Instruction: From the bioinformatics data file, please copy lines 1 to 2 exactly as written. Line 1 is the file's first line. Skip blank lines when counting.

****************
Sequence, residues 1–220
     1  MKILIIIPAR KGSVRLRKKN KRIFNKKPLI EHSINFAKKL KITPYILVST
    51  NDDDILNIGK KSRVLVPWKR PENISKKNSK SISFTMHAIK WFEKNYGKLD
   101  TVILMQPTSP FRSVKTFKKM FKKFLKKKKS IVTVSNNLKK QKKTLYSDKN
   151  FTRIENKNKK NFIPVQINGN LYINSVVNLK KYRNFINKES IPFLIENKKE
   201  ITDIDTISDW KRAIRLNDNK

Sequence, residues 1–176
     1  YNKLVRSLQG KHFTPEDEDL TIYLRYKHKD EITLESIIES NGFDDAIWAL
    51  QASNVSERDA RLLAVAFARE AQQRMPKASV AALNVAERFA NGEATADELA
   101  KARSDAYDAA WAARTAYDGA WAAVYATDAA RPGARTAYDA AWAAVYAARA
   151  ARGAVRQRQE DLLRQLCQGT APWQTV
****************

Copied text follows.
Sequence, residues 1–220
     1  MKILIIIPAR KGSVRLRKKN KRIFNKKPLI EHSINFAKKL KITPYILVST